Poem – A Parsonage in Oxfordshire

Where holy ground begins, unhallowed ends,

Is marked by no distinguishable line;

The turf unites, the pathways intertwine;

And, wheresoe’er the stealing footstep tends,

Garden, and that domain where kindred, friends,

And neighbours rest together, here confound

Their several features, mingled like the sound

Of many waters, or as evening blends

With shady night. Soft airs, from shrub and flower,

Waft fragrant greetings to each silent grave; 

And while those lofty poplars gently wave

Their tops, between them comes and goes a sky

Bright as the glimpses of eternity,

To saints accorded in their mortal hour. 

Poem – A Night Thought 

Lo! where the Moon along the sky
Sails with her happy destiny;

Oft is she hid from mortal eye

Or dimly seen,

But when the clouds asunder fly

How bright her mien!
Far different we–a froward race,

Thousands though rich in Fortune’s grace

With cherished sullenness of pace

Their way pursue, 

Ingrates who wear a smileless face

The whole year through.
If kindred humours e’er would make

My spirit droop for drooping’s sake,

From Fancy following in thy wake,

Bright ship of heaven!

A counter impulse let me take

And be forgiven. 

Poem – London 1802 

Milton! thou shouldst be living at this hour;
England hath need of thee: she is a fen

Of stagnant waters: altar, sword, and pen,

Fireside, the heroic wealth of hall and bower,

Have forfeited their ancient English dower

Of inward happiness. We are selfish men;

Oh! raise us up, return to us again;

And give us manners, virtue, freedom, power.

Thy soul was like a Star, and dwelt apart;

Thou hadst a voice whose sound was like the sea:

Pure as the naked heavens, majestic, free,

So didst thou travel on life’s common way,

In cheerful godliness; and yet thy heart

The lowliest duties on herself did lay. 

Poem – Lines Written  in Early Spring

I HEARD a thousand blended notes,
While in a grove I sate reclined,

In that sweet mood when pleasant thoughts

Bring sad thoughts to the mind.
To her fair works did Nature link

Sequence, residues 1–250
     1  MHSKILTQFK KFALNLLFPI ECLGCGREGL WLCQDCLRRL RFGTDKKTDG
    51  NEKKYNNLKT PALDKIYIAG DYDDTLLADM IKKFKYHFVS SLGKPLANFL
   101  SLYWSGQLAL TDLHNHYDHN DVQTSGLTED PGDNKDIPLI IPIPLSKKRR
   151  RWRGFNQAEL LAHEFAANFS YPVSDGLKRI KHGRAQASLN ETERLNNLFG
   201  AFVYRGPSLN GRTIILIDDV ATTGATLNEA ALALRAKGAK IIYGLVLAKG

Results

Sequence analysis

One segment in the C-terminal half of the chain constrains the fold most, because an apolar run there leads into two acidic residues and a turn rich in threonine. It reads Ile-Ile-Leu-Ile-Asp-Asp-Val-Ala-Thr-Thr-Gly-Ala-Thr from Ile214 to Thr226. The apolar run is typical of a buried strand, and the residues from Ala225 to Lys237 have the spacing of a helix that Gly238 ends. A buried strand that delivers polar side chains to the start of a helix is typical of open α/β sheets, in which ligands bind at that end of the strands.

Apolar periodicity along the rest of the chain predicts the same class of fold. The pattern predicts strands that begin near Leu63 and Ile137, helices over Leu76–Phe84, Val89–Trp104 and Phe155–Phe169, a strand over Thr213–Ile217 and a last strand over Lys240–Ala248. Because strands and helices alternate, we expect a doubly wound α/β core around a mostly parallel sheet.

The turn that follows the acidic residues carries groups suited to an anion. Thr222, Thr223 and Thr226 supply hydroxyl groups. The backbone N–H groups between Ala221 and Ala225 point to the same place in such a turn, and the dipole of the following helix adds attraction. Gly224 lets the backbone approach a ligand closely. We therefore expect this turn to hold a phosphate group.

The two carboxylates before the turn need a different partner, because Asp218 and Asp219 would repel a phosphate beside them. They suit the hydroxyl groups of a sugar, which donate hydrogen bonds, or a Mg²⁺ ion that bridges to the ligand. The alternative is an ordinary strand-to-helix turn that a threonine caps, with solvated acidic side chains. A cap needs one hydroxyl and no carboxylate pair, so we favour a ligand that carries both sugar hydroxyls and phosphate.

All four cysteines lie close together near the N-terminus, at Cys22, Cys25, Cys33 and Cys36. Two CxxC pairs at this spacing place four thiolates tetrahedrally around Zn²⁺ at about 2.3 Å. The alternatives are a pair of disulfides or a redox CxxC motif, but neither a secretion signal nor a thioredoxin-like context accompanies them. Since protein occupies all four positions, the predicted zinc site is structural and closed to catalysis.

The human soul that through me ran;

And much it grieved my heart to think

What man has made of man.
Through primrose tufts, in that green bower,

The periwinkle trailed its wreaths;

And ’tis my faith that every flower

Enjoys the air it breathes.
The birds around me hopped and played,

Their thoughts I cannot measure:—

But the least motion which they made,

It seemed a thrill of pleasure.
The budding twigs spread out their fan,

To catch the breezy air;

And I must think, do all I can,

That there was pleasure there.
If this belief from heaven be sent,

If such be Nature’s holy plan,

Have I not reason to lament

What man has made of man? 

Poem – It is not to be Thought of 

. It is not to be thought of that the Flood 
Of British freedom, which, to the open sea

Of the world’s praise, from dark antiquity

Hath flowed, “with pomp of waters, unwithstood,”

Roused though it be full often to a mood

Which spurns the check of salutary bands,

That this most famous Stream in bogs and sands

Should perish; and to evil and to good

Be lost for ever. In our halls is hung

Armoury of the invincible Knights of old:

We must be free or die, who speak the tongue

That Shakespeare spake; the faith and morals hold

Which Milton held.–In every thing we are sprung

Of Earth’s first blood, have titles manifold. 

Poem – It is a Beauteous Evening

It is a beauteous evening, calm and free, 
The holy time is quiet as a nun 

Breathless with adoration; the broad sun 

Is sinking down in its tranquility; 

The gentleness of heaven broods o’er the sea: 

Listen! the mighty Being is awake, 

And doth with his eternal motion make 

A sound like thunder – everlastingly. 

Dear Child! dear Girl! that walkest with me here, 

If thou appear untouched by solemn thought, 

Thy nature is not therefore less divine: 

Thou liest in Abraham’s bosom all the year, 

And worship’st at the Temple’s inner shrine, 

God being with thee when we know it not. 

Poem – In Due Observance of an Ancient Rite

IN due observance of an ancient rite,
The rude Biscayans, when their children lie

Dead in the sinless time of infancy,

Attire the peaceful corse in vestments white;

And, in like sign of cloudless triumph bright,

They bind the unoffending creature’s brows

With happy garlands of the pure white rose:

Then do a festal company unite

In choral song; and, while the uplifted cross

Of Jesus goes before, the child is borne 

Uncovered to his grave: ’tis closed,–her loss

The Mother ‘then’ mourns, as she needs must mourn;

But soon, through Christian faith, is grief subdued;

And joy returns, to brighten fortitude.